The ongoing downturn in the euro area private sector suggested that the region might have entered a shallow recession in the final quarter of 2023, according to the latest purchasing managers' survey results released by S&P Global on Thursday.

The HCOB flash composite output index rose to 47.1 in November from 46.5 in October. The reading was also above economists' forecast of 46.9.

Nonetheless, the score was below the natural 50.0 mark for the sixth straight month, indicating a contraction in the private sector. "Considering the flash PMI numbers for November in our nowcast model indicates the potential for a second consecutive quarter of shrinking GDP," Cyrus de la Rubia, chief economist at Hamburg Commercial Bank, said.

"This would align with the commonly accepted criterion for a technical recession," Rubia added.

Although the November PMI does not provide much evidence that eurozone GDP growth will turn positive in the fourth quarter, the good news is that the downturn is not deepening, ING economist Bert Colijn said.

"We're currently likely in a very shallow technical recession," said Colijn.

Capital Economics' economist Adrian Prettejohn said the PMI score is consistent with the euro area economy contracting 0.2 percent in the fourth quarter.

Both manufacturing and services sectors shrunk in November but the rate of deterioration was more pronounced in manufacturing, the survey showed.

Manufacturing output dropped for the eighth straight month and services decreased for the fourth consecutive month.

The services Purchasing Managers' Index, or PMI, posted 48.2, up from 47.8 in the previous month. The score was seen at 48.1. At 43.8, the manufacturing PMI hit a six-month high. The score was forecast to rise to 43.4 from 43.1. Still the reading was well below 50.0.

Companies reported another fall in new business. Despite the fall, the reduction in new business was the softest in four months amid weaker decreases in both manufacturing and services.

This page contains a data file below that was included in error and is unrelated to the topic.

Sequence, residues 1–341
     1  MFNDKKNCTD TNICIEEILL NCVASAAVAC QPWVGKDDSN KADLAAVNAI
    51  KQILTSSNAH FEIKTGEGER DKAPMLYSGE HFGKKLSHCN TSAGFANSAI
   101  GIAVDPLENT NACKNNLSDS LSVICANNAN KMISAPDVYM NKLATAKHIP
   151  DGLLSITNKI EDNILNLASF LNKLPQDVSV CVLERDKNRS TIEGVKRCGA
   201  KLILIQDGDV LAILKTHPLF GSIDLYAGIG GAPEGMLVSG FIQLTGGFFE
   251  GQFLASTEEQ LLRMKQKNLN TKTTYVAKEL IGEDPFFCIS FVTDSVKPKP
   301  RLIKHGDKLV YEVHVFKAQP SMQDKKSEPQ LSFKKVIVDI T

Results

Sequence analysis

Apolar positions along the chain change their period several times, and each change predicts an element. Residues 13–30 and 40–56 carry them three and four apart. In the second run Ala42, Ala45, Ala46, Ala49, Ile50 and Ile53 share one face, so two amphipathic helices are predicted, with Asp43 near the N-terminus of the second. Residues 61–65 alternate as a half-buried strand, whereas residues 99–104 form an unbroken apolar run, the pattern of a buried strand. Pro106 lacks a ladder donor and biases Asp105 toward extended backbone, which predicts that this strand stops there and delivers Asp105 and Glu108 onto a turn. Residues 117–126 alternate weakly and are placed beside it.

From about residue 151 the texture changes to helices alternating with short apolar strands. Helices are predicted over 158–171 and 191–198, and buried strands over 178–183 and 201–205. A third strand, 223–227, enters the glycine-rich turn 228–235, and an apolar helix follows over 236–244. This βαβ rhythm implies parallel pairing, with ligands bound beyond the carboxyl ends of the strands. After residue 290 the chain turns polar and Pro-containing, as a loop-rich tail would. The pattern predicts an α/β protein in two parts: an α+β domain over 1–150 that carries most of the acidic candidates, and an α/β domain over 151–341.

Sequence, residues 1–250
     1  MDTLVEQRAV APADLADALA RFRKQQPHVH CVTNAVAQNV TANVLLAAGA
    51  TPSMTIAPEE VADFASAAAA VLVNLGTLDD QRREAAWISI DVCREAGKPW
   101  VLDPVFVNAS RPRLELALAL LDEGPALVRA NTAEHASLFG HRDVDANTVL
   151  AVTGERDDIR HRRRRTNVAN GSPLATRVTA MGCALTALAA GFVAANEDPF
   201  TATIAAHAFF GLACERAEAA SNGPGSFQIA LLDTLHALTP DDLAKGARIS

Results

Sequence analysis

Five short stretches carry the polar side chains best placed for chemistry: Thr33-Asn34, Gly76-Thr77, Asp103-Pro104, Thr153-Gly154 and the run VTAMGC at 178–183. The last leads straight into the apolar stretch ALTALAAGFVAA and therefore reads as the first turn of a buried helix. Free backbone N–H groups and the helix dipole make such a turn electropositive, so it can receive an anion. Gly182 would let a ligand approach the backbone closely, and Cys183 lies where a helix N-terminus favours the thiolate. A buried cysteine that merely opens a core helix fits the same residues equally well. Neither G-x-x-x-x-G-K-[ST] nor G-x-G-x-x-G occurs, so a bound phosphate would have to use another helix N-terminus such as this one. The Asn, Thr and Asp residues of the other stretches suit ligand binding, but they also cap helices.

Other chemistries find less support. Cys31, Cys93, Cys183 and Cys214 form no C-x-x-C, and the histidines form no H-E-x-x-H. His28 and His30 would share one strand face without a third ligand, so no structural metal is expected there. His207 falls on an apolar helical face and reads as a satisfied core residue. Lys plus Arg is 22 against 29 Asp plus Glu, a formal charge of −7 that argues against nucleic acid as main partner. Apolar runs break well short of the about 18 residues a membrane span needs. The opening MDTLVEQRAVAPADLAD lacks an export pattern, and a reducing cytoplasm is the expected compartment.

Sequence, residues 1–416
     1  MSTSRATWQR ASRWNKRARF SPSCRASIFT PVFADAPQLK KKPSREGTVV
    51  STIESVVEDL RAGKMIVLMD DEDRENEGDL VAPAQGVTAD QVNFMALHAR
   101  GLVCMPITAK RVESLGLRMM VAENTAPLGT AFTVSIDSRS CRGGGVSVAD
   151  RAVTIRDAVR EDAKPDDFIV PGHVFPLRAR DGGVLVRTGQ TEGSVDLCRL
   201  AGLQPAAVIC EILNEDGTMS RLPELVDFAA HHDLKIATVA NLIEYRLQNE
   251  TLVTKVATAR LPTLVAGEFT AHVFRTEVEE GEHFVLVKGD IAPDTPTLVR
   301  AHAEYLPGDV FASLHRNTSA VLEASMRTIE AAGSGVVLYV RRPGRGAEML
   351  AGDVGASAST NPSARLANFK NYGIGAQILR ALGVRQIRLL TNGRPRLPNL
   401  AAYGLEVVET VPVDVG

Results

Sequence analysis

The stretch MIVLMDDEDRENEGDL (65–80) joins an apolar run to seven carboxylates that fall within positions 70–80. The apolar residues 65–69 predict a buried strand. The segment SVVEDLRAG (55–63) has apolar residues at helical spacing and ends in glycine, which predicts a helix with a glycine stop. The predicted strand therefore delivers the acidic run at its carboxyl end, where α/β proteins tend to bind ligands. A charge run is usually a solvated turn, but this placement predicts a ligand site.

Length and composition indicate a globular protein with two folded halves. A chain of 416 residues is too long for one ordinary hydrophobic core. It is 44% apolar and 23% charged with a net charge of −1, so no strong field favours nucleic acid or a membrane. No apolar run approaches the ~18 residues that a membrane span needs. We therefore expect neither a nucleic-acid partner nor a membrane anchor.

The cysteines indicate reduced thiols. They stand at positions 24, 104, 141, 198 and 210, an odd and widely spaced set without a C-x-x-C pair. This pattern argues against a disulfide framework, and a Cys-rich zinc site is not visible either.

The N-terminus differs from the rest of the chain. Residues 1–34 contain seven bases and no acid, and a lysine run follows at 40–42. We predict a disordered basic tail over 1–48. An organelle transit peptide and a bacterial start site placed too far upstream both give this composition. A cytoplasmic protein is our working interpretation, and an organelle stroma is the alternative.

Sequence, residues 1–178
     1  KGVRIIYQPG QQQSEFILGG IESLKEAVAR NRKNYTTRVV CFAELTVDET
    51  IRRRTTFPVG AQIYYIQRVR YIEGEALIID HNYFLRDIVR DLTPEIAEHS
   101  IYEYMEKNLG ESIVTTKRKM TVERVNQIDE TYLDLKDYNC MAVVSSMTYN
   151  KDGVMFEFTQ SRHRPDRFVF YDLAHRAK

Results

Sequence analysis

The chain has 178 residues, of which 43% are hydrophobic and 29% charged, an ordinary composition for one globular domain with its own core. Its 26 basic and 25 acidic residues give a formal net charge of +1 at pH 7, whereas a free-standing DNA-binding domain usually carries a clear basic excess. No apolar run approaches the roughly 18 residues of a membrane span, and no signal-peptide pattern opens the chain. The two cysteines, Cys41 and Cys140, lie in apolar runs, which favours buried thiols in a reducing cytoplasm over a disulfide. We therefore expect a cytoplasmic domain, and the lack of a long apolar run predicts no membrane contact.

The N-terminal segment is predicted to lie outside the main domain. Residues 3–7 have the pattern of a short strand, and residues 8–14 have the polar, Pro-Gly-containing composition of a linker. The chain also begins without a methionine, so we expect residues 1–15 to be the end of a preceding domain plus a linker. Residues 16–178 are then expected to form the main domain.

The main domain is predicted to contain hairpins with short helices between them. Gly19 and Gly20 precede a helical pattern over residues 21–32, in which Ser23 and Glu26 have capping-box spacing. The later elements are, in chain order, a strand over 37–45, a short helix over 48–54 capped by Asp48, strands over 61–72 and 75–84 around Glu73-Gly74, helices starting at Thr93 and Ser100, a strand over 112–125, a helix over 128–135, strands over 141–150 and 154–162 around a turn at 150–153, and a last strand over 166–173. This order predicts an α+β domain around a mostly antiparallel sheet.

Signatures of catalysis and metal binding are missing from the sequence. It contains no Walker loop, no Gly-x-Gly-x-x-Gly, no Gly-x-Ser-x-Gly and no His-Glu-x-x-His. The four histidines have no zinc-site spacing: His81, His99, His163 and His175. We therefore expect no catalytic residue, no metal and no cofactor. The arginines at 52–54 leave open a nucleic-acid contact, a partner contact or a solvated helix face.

Backlogs of work decreased for the eighth straight month and at a marked pace. The survey showed a decline in employment, which was the first reduction in nearly three years.

On the price front, the survey revealed that input costs increased at the fastest pace since May. Services input prices increased rapidly, while there was a sharp fall in input costs in manufacturing.

Factory output prices decreased for the seventh straight month as firms passed on cost savings to customers.

Services charge inflation intensified to a three-month high. Overall output prices posted a solid rise at the composite level.

Further, companies were moderately optimistic regarding the outlook for activity over the coming year. However, sentiment was weaker than the series average.

The overall slowdown in the eurozone was driven in large part by the two largest economies - Germany and France.

The downturn in the German economy slowed in November as activity shrank at the slowest rate in four months. The flash composite output index climbed to 47.1 from 45.9 a month ago.

The services PMI registered 48.7, up from 48.2 in October. Likewise, the manufacturing measure rose to a six-month high of 42.3 from 40.8 a month ago.

France posted the sharpest reduction in November as output fell markedly on the back of the steepest decline in new orders in three years. The flash composite PMI edged down to 44.5 from 44.6.

The services PMI reading was 45.3, slightly higher than October's score of 45.2. Meanwhile, the manufacturing index slid to a 42-month low of 42.6 from 42.8 in the previous month.

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